By Julie Effertz, Big Sister

“Five years ago, I discovered how being a mentor not only could change a child's life but also could change mine. BBBS has had a powerful impact on my life. I am most proud of being a Big Sister, and I want this to be a part of my legacy.”

“I became a Big after moving from Kansas City to the Lake full time. I missed my grandchildren. Then I read an article in the paper about BBBS and I went for an interview. This was in the fall of 2008.I was matched with an 8-year-old girl at Hurricane Deck Elementary. Amber is now 13. I have served on the executive board to BBBS and have been very active in recruiting others as Bigs. I tell everyone you can change the life of a child in so many small ways, but the change in your life for the better is huge.

BBBS doesn't require a financial commitment but rather a willingness to give your time and share your experiences.”

“Our favorite things to do are have dinner at my house, bake cookies, play games or just sit at the dock and talk. Just spending time together is my favorite. We consider Amber a member of our family. My grandchildren are always asking about her and how she is doing. In June I have a visit to the Tea Room in Versailles planned with Amber and my granddaughter Caroline.”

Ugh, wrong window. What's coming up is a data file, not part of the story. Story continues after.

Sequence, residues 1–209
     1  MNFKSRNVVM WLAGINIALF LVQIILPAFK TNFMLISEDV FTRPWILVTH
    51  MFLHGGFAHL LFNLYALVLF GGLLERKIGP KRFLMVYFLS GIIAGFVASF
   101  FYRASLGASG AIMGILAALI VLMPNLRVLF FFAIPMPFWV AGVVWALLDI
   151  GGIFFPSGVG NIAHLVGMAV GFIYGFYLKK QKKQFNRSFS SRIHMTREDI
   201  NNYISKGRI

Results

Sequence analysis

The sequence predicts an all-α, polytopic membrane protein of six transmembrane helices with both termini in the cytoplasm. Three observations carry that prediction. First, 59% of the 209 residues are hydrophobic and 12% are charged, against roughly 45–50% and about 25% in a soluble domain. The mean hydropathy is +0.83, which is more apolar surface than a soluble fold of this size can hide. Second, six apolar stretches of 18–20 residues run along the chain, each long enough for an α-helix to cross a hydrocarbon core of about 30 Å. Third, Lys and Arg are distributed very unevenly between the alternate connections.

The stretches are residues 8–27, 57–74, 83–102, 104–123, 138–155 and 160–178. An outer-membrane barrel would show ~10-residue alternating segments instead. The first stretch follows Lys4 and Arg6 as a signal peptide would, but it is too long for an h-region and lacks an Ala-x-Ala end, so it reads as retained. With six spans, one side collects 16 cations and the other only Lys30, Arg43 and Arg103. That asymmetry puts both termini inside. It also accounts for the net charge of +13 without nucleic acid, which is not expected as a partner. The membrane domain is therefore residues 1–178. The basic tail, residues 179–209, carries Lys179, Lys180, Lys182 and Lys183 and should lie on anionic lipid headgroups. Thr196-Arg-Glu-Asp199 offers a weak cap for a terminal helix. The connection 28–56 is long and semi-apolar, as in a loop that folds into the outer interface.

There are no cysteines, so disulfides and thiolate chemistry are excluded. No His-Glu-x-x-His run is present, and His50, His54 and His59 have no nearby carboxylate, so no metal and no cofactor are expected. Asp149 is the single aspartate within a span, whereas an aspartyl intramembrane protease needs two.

“I remember driving with Amber in March 2009 to the Bowl For Kids' Sake (BBBS fund -raising event each year). It was raining very hard and it was dark at 11 a.m. in the morning. I was thinking what am I doing out here on a Saturday morning in this storm? Just then Amber said to me, ‘Julie, I don't know what I would do without you in my life.’ I knew exactly why I was driving in that storm!”

“I know that I have put some magic back into her life, and created some good memories and a lasting friendship. She knows she can call me anytime day or night and I will be there for her. Thank you BBBS for bringing us together and for making a positive difference in the lives of our children in the Lake Area.”

In the second and final installment of this series, learn more about Lake Area Big Brothers Big Sisters and hear additional Bigs’ stories in the Jan. 23 issue. For more information about Big Brothers Big Sister, call 573-348-5507 or visit www.lakebbbs.org.